By Sandhya S. Nayar
Forsaking all dharmas (duties), remember Me alone; I will free thee from all sins (accruing from non-performance of those lesser duties). Do not grieve! – Chapter XVIII; Verse 66
In ‘God Talks With Arjuna’ Sri Sri Paramahansa Yoganandji’s prolific translation and commentary of Maharshi Vyasa’s Bhagavad Gita, the supreme yogi translates Lord Krishna’s promise to His ideal disciple Arjuna thus; “If you remain in ecstasy with Me, fulfilling all divine duties as directed by Me, forsaking all ego-instigated duties, you will be liberated.”
Author of the spiritual classic, ‘Autobiography of a Yogi’ and founder of Yogoda Satsanga Society of India/Self-Realization Fellowship, more than a century ago, Yoganandji explains that the entire knowledge of the cosmos is packed into the mere 700 verses of the Gita, and “wherever one is on the way back to God, the Gita will shed its light on that segment of the journey.”
Yoganandaji’s work on the Gita commentary began years earlier under the intuitive guidance of his guru Swami Sri Yukteswar Giri, and Paramgurus Sri Sri Lahiri Mahasaya and Mahavatar Babaji; reviver of the sacred technique – Kriya Yoga, mentioned twice by Sri Krishna in the Gita. As Yoganandaji elucidates; “Through the help of a God realized guru, one learns how to use the nutcracker of intuitive perception to crack open the hard shell of language and ambiguity to get at the kernels of truth in scriptural sayings.”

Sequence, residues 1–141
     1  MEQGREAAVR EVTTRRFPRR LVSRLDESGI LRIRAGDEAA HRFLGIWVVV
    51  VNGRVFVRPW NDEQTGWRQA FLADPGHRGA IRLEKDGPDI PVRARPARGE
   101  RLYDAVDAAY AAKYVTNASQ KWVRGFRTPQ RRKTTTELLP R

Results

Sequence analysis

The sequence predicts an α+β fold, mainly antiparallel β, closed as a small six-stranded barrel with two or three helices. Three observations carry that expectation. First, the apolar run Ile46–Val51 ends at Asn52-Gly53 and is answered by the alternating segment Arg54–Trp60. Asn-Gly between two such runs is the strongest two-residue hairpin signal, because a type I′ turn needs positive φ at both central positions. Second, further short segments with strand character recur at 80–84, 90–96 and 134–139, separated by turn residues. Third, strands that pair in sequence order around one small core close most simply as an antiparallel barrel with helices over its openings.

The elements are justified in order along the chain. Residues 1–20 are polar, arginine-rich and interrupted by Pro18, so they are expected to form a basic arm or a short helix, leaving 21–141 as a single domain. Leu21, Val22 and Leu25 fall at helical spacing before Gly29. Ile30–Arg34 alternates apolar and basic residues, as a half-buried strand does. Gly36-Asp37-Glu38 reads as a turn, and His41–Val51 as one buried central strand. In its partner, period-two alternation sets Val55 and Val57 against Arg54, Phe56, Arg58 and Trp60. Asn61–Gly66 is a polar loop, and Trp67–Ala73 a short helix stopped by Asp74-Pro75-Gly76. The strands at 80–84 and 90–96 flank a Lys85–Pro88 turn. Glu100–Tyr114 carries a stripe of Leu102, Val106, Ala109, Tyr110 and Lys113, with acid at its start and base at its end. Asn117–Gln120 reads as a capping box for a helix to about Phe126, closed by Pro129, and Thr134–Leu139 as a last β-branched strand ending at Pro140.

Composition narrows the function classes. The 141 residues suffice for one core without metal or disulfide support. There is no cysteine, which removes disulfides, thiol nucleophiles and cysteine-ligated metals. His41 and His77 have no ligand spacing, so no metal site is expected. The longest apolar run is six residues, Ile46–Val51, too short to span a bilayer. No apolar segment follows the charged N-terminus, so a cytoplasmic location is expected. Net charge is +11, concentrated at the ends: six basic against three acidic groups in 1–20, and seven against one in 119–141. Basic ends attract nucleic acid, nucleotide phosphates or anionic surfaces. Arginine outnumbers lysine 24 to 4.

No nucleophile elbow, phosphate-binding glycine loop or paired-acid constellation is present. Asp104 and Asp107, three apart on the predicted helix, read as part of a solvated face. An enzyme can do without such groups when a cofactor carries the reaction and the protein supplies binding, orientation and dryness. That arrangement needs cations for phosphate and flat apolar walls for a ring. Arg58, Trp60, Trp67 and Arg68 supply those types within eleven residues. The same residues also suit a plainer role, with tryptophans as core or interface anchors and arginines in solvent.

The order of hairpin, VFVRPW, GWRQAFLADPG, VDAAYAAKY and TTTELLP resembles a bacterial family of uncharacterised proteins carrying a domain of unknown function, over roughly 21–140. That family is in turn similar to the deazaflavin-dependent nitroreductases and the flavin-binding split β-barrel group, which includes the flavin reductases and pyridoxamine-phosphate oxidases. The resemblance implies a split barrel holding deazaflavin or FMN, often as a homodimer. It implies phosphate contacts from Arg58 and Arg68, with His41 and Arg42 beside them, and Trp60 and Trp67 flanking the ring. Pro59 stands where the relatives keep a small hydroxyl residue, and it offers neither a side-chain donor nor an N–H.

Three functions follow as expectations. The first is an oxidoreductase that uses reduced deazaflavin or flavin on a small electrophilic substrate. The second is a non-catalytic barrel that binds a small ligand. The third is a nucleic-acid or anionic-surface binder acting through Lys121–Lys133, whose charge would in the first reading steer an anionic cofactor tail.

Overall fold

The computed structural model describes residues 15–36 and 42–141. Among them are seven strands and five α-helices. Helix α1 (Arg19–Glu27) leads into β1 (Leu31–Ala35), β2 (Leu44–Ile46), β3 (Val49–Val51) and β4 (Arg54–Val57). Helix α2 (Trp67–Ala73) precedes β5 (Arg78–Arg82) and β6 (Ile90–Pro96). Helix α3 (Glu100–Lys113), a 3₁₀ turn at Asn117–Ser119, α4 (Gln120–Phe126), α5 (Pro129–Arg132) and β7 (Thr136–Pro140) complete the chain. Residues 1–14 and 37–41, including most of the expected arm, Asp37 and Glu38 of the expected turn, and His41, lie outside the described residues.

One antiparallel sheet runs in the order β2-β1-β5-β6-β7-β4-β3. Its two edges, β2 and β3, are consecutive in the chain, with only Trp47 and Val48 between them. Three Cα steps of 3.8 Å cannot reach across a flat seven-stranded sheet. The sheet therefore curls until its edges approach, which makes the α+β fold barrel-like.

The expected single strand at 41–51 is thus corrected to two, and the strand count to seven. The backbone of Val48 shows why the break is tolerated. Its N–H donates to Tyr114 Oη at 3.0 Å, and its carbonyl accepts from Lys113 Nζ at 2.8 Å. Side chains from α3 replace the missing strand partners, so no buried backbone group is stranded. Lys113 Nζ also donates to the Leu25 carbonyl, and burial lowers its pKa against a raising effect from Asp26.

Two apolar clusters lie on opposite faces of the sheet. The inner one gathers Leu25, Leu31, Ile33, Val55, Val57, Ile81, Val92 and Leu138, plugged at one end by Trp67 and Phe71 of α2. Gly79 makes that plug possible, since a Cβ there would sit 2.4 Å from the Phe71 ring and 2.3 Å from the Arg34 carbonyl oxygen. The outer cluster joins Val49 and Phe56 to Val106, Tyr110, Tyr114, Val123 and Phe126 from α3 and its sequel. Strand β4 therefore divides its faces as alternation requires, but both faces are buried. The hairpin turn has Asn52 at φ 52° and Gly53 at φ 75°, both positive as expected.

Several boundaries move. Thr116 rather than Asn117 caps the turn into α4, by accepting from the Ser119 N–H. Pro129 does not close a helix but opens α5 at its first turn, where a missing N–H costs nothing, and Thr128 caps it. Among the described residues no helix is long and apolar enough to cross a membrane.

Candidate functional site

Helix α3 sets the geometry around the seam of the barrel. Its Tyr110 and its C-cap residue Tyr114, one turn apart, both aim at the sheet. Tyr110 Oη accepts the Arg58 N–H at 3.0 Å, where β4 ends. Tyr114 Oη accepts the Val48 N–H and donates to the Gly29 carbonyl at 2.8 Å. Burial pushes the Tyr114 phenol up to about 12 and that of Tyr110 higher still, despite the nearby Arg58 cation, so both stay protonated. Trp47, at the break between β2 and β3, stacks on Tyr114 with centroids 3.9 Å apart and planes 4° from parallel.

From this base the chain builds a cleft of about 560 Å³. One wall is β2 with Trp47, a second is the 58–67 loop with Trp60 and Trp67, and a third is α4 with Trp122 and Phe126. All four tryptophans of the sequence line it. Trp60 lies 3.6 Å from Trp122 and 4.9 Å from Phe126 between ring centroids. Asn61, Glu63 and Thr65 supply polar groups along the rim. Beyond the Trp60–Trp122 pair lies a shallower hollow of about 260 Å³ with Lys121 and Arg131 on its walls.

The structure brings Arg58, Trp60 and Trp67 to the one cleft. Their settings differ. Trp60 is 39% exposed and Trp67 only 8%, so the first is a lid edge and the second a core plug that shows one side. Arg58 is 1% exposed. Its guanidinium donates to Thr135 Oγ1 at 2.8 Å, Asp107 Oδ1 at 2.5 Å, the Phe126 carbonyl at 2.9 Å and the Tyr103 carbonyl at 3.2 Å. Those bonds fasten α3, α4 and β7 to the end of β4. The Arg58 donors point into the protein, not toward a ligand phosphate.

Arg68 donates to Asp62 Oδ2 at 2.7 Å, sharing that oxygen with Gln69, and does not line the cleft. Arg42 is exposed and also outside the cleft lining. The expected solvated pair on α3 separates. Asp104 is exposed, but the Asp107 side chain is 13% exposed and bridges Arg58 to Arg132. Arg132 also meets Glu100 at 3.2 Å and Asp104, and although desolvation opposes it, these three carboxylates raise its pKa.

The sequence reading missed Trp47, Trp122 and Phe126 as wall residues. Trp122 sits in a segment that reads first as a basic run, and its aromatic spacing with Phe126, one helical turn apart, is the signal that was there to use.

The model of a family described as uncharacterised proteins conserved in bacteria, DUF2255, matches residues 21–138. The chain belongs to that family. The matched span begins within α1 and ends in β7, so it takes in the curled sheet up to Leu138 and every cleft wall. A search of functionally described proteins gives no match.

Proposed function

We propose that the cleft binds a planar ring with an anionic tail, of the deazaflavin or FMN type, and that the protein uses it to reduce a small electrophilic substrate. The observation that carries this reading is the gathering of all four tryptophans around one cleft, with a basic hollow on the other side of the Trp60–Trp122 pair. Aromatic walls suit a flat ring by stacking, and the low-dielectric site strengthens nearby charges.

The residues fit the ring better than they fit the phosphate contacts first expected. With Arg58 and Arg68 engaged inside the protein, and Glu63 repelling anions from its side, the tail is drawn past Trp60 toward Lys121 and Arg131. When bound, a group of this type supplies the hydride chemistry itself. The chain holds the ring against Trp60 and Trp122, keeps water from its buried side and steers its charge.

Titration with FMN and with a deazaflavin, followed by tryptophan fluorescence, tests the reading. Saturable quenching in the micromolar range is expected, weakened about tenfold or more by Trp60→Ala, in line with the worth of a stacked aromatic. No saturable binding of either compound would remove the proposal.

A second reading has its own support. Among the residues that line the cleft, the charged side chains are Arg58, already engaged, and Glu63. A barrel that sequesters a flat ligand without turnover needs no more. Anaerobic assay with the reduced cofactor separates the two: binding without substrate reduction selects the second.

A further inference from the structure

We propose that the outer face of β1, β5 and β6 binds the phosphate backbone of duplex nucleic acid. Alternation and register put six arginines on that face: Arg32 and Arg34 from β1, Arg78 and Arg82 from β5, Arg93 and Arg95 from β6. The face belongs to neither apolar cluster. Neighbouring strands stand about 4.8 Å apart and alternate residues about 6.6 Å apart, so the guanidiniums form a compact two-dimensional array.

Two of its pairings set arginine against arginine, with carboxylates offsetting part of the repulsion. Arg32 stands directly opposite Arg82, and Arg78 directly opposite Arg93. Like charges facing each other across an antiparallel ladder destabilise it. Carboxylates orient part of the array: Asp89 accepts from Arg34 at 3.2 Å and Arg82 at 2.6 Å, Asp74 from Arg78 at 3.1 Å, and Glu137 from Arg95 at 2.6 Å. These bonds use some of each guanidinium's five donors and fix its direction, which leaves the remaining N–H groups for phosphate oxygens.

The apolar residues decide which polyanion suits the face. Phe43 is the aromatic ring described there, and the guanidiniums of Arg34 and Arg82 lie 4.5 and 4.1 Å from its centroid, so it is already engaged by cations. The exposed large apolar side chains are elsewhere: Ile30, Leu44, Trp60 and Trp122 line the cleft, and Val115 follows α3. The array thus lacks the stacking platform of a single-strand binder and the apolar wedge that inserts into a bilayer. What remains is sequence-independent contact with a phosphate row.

The final review and detailing of the Gita’s deeper philosophical concepts were undertaken in seclusion in a small ashram in the Mojave Desert in California in the months preceding the Master’s Mahasamadhi in 1952. A monk recalls, “The vibration in that room (where Yoganandaji was working) was unbelievable; it was like walking into God.”
Yoganandaji’s unique endeavour was not just to understand and explain the Gita according to his own concepts or ‘with the twistings of the intellect’, but to interpret to the world the actual dialogue between Sri Krishna and Arjuna as perceived by Maharshi Vyasa and revealed to him in ‘various states of spiritual ecstasy.’
Thus, ‘God Talks With Arjuna’ recounts the communion between the omnipresent Spirit (symbolized by Sri Krishna) and the soul of the ideal devotee (represented by Arjuna).
To a discerning student it becomes evident from the first chapter itself that the historical background of the battle of Kurukshetra is used to illustrate the spiritual and psychological battle going on within each individual’s pure discriminative intellect attuned with the soul (The clan of Pandu) and the blind sense bound mind under the delusion of the ego (The blind King Dhritharashtra and his wicked offspring).
With the help of Krishna (the guru, or awakened soul consciousness, or meditation born intuition), war must be fought; materially, mentally and spiritually ‘to reclaim the kingdom from ego and its army of evil mental tendencies’, and establish Spirit’s all fulfilling sovereignty. Just as Krishna gave unflinching solace to a despondent Arjuna, Yoganandji counsels the Arjuna devotee within every true seeker with his ineffable words; “Every person has to fight his own battle of Kurukshetra. It is a war not only worth winning, but in the divine order of the universe and of the eternal relationship between the soul and God, a war that sooner or later must be won’.
For further information on ‘God Talks With Arjuna’ and Kriya Yoga:yssofindia.org